Today is Juneteenth. My family celebrated this holiday together throughout my childhood, and we (my siblings and I) were required to be part of the program, not just in attendance. I was always curious why something so integral to American history and my family’s life, went largely unnoticed outside of the Black community. We are expected to participate fully in American life as assimilated citizens, but our experiences have been an addendum to the American experience — set apart from, instead of integrated into, the larger historical narrative. As we grapple with the complex racial history of our nation, context matters. Reconciliation starts with acknowledgment and education. Acknowledgment that not every community in this country has had the same experience in America, and education on why that is. For African Americans, nearly every quintessential American experience is accompanied by an asterisk.
The U.S. celebration of Independence Day has an asterisk. I love the fireworks, I enjoy the cookouts, I participate in the parades, I revere the pluckiness of our founding fathers and the colonies to stand up to King George, but I know that this beloved holiday, this memorialization of our freedom from the British Monarchy, is not fully applicable to me, it comes with the asterisk: not my ancestors. My great-great-grandparents were not free for nearly 100 more years, and even then, it was only the beginning of an uphill battle toward equal rights.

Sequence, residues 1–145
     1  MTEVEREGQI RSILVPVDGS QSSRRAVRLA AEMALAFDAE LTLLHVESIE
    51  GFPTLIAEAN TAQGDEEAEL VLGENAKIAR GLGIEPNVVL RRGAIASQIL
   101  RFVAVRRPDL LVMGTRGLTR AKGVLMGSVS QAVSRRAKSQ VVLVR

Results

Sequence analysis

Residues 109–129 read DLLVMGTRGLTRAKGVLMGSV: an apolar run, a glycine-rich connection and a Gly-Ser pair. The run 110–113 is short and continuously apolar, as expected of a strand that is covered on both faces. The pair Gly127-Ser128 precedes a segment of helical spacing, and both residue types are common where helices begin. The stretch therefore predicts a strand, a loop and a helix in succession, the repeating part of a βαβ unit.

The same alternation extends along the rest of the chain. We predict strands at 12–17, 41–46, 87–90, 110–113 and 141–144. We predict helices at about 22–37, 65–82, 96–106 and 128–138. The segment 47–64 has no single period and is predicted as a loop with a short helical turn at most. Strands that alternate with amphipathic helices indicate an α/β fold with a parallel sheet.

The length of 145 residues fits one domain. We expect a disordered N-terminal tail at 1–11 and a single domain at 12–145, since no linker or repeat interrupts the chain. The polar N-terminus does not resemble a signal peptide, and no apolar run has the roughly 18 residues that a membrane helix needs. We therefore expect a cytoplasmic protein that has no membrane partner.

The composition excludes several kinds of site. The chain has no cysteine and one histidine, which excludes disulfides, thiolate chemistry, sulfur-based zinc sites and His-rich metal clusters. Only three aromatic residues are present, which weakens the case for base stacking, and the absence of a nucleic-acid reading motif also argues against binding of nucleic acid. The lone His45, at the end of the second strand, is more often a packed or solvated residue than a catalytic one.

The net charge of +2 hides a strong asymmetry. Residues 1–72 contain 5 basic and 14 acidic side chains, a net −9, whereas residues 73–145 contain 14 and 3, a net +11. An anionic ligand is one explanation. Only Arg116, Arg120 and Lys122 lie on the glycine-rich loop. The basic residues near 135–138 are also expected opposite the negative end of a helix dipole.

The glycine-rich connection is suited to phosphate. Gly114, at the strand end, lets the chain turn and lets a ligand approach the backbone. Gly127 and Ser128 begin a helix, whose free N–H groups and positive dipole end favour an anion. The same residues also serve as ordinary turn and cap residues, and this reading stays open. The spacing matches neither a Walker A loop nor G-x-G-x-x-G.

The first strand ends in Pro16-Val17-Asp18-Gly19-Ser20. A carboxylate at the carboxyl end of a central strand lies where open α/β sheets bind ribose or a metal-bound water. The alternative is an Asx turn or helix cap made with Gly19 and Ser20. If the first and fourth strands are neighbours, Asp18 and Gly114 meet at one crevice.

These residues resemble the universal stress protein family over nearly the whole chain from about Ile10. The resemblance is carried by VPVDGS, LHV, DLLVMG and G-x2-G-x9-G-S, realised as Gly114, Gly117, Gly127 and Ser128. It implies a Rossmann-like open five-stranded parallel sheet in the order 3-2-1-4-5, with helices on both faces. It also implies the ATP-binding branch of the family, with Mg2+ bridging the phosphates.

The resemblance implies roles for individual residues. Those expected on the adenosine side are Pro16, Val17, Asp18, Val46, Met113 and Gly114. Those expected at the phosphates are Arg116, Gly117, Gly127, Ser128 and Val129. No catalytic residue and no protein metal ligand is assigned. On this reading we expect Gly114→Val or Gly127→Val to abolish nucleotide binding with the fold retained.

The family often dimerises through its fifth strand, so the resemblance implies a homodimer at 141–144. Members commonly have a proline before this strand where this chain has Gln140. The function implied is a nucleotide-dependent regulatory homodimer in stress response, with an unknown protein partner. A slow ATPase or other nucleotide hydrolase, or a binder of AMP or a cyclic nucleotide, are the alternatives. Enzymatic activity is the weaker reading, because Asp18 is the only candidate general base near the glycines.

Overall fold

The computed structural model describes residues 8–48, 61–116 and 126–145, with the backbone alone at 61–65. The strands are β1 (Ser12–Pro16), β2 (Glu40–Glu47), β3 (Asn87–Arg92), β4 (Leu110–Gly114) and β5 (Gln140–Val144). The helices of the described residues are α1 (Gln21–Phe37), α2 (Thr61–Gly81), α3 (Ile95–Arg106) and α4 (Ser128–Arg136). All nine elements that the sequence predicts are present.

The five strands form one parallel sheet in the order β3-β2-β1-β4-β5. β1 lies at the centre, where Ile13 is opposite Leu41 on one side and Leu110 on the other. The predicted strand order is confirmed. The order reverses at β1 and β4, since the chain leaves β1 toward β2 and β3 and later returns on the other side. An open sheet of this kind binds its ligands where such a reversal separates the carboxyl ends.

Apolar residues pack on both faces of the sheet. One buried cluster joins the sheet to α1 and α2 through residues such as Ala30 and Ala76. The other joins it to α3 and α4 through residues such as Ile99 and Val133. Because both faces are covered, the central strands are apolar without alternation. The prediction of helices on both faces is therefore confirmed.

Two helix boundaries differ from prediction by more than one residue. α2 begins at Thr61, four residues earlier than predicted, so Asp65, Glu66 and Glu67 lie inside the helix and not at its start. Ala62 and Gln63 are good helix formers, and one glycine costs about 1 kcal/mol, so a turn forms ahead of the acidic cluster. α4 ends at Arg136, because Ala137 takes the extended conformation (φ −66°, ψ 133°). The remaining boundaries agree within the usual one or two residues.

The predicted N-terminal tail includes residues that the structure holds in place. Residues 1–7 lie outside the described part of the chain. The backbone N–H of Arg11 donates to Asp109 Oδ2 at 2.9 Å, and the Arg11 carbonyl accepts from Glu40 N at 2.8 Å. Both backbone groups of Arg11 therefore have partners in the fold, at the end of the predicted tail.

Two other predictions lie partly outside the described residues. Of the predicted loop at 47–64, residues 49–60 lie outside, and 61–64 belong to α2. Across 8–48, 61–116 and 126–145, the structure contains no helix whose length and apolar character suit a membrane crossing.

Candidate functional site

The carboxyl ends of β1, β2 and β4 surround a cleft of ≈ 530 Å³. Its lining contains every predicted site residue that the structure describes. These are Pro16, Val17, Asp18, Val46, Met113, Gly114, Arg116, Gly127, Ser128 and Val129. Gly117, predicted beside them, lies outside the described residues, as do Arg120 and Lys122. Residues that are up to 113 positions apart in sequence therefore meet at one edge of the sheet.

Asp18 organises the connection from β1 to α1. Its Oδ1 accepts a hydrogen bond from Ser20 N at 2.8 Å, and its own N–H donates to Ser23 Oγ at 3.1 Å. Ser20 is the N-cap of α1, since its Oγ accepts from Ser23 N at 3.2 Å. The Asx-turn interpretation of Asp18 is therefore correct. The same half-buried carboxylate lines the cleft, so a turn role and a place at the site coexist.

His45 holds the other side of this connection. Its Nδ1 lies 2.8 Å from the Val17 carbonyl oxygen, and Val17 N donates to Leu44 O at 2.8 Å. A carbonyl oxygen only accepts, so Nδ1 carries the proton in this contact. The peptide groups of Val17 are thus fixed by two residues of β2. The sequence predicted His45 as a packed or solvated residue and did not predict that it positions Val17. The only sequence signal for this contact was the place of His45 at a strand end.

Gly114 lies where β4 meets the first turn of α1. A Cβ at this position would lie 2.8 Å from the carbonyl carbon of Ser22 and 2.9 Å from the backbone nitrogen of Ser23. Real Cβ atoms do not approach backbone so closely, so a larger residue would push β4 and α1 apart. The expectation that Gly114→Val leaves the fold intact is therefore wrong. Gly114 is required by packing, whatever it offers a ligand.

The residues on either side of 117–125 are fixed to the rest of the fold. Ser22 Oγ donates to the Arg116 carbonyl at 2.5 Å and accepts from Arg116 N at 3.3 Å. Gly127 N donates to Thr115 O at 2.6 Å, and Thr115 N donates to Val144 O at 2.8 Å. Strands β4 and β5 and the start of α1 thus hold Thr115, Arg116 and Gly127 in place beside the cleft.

We love to hold up our veterans as a group we honor. Support of our veterans is one of the last non-partisan issues. This too is mired in a complicated past. My Great Uncle served in the military, his reception home was not the same as those he served with. Black veterans did not enjoy the same warm welcome, benefits, and support, it was a bitter reminder that though they were willing to die to protect the freedoms of their countrymen, their skin color made them unsafe from the very citizens they fought to protect. The Nazis even used the treatment of African Americans in their home country as a propaganda tool to incite desertion. The ticker-tape parades that greeted their returning brothers in arms, were not meant for them.
Today, I would encourage you to help remove the asterisk that Juneteenth is a “Black holiday.” It should be celebrated by ALL Americans. If you agree, take a small action: sign the petition to make Juneteenth a Nationally recognized Federal holiday.
*The celebration by the Black Community commemorating the day on June 19, 1865, that the last of the enslaved Africans in the U.S. were finally informed of their emancipation, two and a half years after the Emancipation Proclamation had passed.